TheaterMania Logo
Home link

Composer-Lyricist Robert Wright Dies at 90

Robert Wright (seated) and
George Forrest in their youth
Robert Wright, the composer-lyricist whose personal and professional partnership with George "Chet" Forrest lasted for more than 70 years, died on Wednesday, July 27 of natural causes at his home in Miami. He was 90.

The Wright-Forrest collaboration was one of the most successful in show business history. The two met in the late 1920s in Florida, when they were both high school students; the first song they wrote together was the school song "Hail to Miami High." They went on to provide lyrics and music for 16 produced stage musicals, 18 revues, dozens of films, and many club acts.

While under contract to MGM in the late 1930s and early '40s, Wright and Forrest received Oscar nominations for their songs "Always and Always" from Mannequin (1938), "It's a Blue World" from Music in My Heart (1940), and "Pennies for Peppino" from Flying With Music (1942). One of their biggest hits was "The Donkey Serenade," written with Herbert Stothart.

Wright was born on September 25, 1914, in Daytona Beach, Florida. He studied piano as a child and won an amateur contest at age nine with his performance of Rachmaninoff's C-Sharp Minor Prelude. He worked in vaudeville, played piano in a silent movie theater, and led his own orchestra while still in high school. Wright met Forrest, who was a year younger, when the latter auditioned for the school's glee club. In 1934, the pair began a cross-country cabaret tour and ended up in Hollywood; they auditioned at MGM, were hired as songwriters, and remained with the studio for seven years.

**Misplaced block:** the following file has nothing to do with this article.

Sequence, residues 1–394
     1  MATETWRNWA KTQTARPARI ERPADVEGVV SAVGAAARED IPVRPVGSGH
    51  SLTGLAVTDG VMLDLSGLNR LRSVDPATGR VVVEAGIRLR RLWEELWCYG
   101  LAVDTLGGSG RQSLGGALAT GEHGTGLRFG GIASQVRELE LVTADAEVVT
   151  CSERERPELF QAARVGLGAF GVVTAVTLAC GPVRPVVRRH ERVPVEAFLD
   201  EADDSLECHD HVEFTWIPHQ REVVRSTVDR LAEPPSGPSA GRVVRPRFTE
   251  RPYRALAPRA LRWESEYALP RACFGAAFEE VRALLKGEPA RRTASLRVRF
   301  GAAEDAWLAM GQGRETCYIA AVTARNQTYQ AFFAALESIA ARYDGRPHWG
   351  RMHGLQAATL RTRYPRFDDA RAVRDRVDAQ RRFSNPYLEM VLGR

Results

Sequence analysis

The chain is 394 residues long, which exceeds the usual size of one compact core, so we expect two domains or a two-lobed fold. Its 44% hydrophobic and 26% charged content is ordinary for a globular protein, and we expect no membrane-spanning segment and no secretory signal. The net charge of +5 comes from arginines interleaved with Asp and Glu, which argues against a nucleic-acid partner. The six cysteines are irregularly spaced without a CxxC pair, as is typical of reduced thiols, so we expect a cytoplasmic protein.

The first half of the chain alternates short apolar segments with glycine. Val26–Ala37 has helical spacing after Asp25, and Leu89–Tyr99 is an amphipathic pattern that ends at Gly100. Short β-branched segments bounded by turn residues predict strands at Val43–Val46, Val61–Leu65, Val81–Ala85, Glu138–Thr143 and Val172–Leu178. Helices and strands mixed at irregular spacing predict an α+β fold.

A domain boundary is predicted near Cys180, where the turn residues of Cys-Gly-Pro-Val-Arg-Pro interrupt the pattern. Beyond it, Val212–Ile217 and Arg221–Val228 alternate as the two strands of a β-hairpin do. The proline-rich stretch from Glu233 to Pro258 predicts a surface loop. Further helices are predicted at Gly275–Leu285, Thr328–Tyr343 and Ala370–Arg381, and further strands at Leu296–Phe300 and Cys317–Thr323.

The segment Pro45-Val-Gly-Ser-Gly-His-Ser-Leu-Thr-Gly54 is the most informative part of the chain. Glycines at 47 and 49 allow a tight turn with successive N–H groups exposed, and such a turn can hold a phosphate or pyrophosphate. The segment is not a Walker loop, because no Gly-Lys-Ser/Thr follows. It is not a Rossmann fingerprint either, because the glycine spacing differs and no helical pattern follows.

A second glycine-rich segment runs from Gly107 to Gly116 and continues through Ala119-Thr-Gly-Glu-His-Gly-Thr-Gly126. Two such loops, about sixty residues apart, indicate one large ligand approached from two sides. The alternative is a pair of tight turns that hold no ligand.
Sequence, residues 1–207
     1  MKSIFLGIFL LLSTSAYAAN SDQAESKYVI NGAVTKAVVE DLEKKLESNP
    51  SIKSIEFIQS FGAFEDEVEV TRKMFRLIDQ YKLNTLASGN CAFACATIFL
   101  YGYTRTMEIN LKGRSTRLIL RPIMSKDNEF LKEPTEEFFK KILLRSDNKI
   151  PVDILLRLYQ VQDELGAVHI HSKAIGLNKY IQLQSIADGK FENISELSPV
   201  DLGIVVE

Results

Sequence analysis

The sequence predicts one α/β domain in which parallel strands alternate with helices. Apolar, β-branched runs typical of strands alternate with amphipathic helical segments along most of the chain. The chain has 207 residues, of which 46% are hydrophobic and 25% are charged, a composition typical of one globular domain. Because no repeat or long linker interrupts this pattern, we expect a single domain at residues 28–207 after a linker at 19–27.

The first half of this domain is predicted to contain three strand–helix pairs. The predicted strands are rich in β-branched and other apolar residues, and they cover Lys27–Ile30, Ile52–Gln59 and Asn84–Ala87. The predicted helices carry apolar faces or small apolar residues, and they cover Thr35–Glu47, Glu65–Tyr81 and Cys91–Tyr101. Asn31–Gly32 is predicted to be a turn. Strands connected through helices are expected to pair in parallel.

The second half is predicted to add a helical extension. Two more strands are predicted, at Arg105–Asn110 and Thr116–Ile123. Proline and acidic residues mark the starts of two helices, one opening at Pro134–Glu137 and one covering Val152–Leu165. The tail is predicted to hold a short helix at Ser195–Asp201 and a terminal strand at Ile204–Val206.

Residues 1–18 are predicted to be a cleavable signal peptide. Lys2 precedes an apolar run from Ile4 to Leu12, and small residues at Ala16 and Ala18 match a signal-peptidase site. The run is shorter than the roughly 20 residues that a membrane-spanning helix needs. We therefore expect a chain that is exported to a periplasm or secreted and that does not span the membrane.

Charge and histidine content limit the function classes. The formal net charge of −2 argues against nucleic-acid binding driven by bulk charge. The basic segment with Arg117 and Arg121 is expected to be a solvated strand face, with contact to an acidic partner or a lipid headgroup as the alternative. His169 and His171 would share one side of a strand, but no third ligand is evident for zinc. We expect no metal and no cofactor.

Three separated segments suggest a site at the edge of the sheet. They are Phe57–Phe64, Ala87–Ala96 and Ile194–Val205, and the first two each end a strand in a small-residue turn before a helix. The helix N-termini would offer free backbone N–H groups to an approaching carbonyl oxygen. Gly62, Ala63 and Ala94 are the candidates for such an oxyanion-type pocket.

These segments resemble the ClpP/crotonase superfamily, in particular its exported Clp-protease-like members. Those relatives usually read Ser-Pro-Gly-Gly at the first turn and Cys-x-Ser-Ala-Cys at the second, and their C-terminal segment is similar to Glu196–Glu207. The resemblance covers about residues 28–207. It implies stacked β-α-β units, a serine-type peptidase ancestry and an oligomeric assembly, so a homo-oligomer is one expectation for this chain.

Later, they became famous for adapting the work of classical composers for use in Broadway musicals. Wright and Forrest won Tony Awards for the score of Kismet (1953), based on themes by the 19th century Russian composer Alexander Borodin; the show yielded such hit songs as "Stranger in Paradise," "And This Is My Beloved," and "Baubles, Bangles and Beads." They wrote shows based on the music of Edvard Grieg (Song of Norway), Heitor Villa-Lobos (Magdalena), Victor Herbert (Gypsy Lady), and Sergei Rachmaninoff (Anya), as well as Timbuktu, a revised version of Kismet. Wright and Forrest produced an entirely original score for Kean (1961), starring Alfred Drake, who had also starred in Kismet. Their last Broadway success was Grand Hotel (1989), which also featured several songs by Maury Yeston.

In the 1990s, they returned to a project on which they had begun work three decades earlier: Betting on Bertie, a musical about the Bertie Wooster character from P.G. Wodehouse's "Jeeves" stories. The lifelong partnership ended when Forrest died on October 10, 1999 in Miami. In 1995, Wright and Forrest were honored with the ASCAP/Richard Rodgers Award for their contributions to American musical theater.